Investigation Says Texas Gave Newborns’ DNA to Military Database
From 2002 until a lawsuit last year, the state of Texas took the small blood samples taken from newborns to screen for diseases, and saved them without the parents’ consent. Texas always said it did this for research purposes, of which there are many. But there was a wee detail about all this that didn’t come to light until an investigation published this week in the Texas Tribune. According to the Tribune, between 2003 and 2007, Texas quietly handed over 800 of those samples to the military for a project to create a database of mitochondrial DNA, which people inherit from their mother.
Like virtually every state, Texas routinely screens almost all newborns for rare diseases, collecting a few drops of blood at birth. In recent years many states, Texas included, have stored the samples and offered them up for research, mainly in pediatrics [ScienceInsider]. Because the samples are anonymous, researchers decided it was okay to use them without parental consent. However, the Tribune’s investigation uncovered emails showing Texas state officials publicized the use of DNA taken from newborns in studies on childhood disease, but deliberately dissuaded state employees from divulging the use of baby blood in establishing a DNA database [Popular Science].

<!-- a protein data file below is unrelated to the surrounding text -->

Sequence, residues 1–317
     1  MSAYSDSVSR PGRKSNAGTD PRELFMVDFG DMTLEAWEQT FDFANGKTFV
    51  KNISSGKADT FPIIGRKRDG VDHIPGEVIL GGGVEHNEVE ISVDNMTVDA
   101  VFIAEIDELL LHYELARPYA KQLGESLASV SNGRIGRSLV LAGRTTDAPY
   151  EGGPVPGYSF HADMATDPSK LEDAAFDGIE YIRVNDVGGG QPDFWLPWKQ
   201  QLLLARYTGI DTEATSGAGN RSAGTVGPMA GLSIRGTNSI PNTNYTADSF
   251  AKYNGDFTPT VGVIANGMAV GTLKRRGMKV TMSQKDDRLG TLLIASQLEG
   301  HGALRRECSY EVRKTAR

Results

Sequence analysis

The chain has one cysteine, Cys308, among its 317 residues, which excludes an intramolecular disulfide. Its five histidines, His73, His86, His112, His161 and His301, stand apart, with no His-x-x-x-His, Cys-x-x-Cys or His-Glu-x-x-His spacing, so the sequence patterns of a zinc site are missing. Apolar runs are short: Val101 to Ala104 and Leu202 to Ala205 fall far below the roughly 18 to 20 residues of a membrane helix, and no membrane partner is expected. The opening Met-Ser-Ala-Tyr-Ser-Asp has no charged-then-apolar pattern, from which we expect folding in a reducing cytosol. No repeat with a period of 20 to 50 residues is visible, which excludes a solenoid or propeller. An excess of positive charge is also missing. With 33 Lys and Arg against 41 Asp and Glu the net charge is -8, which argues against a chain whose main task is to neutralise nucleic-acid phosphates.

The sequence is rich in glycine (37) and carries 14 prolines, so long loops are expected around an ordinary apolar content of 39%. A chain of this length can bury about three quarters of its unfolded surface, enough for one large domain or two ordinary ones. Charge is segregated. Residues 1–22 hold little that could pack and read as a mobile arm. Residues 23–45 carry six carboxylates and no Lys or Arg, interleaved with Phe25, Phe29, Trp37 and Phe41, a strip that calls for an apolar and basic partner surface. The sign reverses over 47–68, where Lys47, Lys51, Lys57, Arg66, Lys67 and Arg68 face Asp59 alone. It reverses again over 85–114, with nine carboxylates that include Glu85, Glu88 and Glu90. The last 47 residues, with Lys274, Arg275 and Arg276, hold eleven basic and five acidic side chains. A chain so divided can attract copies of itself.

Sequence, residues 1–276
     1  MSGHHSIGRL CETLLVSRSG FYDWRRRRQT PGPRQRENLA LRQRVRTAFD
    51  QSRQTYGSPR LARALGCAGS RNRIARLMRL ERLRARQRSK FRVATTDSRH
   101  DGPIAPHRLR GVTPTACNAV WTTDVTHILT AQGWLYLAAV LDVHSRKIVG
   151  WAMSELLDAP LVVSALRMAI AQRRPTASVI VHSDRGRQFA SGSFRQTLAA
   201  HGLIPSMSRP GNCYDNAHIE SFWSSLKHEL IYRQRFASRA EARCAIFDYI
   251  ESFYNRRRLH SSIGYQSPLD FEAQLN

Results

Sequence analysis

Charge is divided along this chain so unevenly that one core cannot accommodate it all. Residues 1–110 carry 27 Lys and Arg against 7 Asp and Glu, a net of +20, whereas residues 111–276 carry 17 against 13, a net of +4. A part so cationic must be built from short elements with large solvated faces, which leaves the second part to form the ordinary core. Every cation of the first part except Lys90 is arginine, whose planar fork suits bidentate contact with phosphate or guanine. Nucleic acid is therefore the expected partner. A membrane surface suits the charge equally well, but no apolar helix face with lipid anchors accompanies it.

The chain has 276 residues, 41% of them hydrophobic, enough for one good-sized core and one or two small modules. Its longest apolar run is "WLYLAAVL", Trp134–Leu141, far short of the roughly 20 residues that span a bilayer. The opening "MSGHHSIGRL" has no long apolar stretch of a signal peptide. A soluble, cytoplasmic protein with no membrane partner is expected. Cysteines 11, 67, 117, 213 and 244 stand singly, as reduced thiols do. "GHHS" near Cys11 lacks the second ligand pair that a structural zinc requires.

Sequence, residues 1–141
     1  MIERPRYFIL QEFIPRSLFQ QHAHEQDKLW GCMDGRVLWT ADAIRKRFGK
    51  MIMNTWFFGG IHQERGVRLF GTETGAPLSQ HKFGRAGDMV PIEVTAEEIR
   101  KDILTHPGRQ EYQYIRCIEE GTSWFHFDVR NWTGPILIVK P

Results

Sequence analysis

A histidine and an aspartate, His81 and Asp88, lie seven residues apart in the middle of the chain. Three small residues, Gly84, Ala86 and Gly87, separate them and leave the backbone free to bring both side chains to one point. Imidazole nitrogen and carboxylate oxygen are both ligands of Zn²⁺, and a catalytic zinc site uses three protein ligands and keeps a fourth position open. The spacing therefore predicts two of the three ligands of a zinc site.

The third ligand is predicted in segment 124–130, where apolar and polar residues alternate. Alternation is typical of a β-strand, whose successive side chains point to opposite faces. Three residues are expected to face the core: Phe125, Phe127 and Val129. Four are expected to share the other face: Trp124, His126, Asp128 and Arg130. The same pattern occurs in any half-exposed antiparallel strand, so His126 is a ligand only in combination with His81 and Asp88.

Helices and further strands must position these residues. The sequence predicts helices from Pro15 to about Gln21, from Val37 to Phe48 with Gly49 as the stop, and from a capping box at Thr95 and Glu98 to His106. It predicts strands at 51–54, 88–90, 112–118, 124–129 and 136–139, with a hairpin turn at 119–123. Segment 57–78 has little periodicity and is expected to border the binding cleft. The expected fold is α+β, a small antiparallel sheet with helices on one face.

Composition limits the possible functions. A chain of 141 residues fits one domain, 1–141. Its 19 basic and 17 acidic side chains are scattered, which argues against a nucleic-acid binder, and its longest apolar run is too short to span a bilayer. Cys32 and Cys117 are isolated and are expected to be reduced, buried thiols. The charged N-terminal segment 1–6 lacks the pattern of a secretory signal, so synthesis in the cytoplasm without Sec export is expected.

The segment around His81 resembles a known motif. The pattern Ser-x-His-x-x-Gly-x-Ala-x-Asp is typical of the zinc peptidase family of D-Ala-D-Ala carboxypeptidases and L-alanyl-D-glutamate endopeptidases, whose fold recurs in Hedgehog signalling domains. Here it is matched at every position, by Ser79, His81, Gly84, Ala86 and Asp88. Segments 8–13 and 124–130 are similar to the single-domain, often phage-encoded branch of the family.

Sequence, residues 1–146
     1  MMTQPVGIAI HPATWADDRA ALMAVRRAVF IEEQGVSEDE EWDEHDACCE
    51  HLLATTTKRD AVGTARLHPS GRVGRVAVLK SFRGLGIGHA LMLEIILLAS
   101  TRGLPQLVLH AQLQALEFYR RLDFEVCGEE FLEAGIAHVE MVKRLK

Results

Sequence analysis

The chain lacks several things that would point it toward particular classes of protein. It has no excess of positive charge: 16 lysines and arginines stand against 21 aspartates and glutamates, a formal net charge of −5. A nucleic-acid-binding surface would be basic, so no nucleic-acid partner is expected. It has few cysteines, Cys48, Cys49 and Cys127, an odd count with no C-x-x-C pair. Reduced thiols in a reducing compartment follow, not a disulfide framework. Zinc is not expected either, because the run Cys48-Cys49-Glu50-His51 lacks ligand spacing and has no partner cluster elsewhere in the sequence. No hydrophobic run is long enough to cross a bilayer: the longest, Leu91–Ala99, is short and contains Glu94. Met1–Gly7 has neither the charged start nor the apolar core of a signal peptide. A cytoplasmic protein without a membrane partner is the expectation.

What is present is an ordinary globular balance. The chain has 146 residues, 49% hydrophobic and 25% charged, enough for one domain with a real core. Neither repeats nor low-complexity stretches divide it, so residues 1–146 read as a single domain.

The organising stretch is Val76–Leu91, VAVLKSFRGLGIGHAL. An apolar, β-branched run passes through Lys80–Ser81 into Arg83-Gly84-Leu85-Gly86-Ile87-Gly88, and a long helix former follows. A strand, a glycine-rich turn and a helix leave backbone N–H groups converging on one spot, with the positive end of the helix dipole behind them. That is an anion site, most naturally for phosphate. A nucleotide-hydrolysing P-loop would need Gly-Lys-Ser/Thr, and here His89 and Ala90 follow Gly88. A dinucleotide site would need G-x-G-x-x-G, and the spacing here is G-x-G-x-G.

These newborn blood samples already had a long and winding legal history in Texas. In 2002 the state stopped throwing out the samples after testing and began to store them indefinitely. State health officials never notified parents of the changes; they didn’t need consent for the birth-defect screening, so they didn’t ask for it for research purposes [Texas Tribune]. When the practice came to light, lawsuits followed. The Texas Civil Rights Project sued in March, but in May, the state legislature passed a law specifically allowing health officials to store the samples for research if the parents don’t object. In December, the civil rights group settled its lawsuit when the state agreed to destroy all the samples it gathered before May 2009, the time the new law passed.
However, Jim Harrington of the Texas Civil Rights Project says nobody at the Department of State Health Services bothered to tell him about the military’s database, or that Texas was giving anonymous samples to it. According to the Tribune investigation, the state settled the case with such expedience that it never reached the discovery phase, so neither Harrington nor his clients saw any database documents. “This is the worst case of bad faith I have dealt with as a lawyer,” he said Monday [Austin American-Statesman]. The state fired back and called Harrington some names, but he says he might sue again, this time over the database.
Some worry that Texas’s lousy handling of this case will create a backlash—with parents declining to screen their kids (who may end up much sicker because their disease wasn’t caught early), and with the spots no longer made available for valuable pediatrics research, such as tracing the origins of childhood leukemia [ScienceInsider].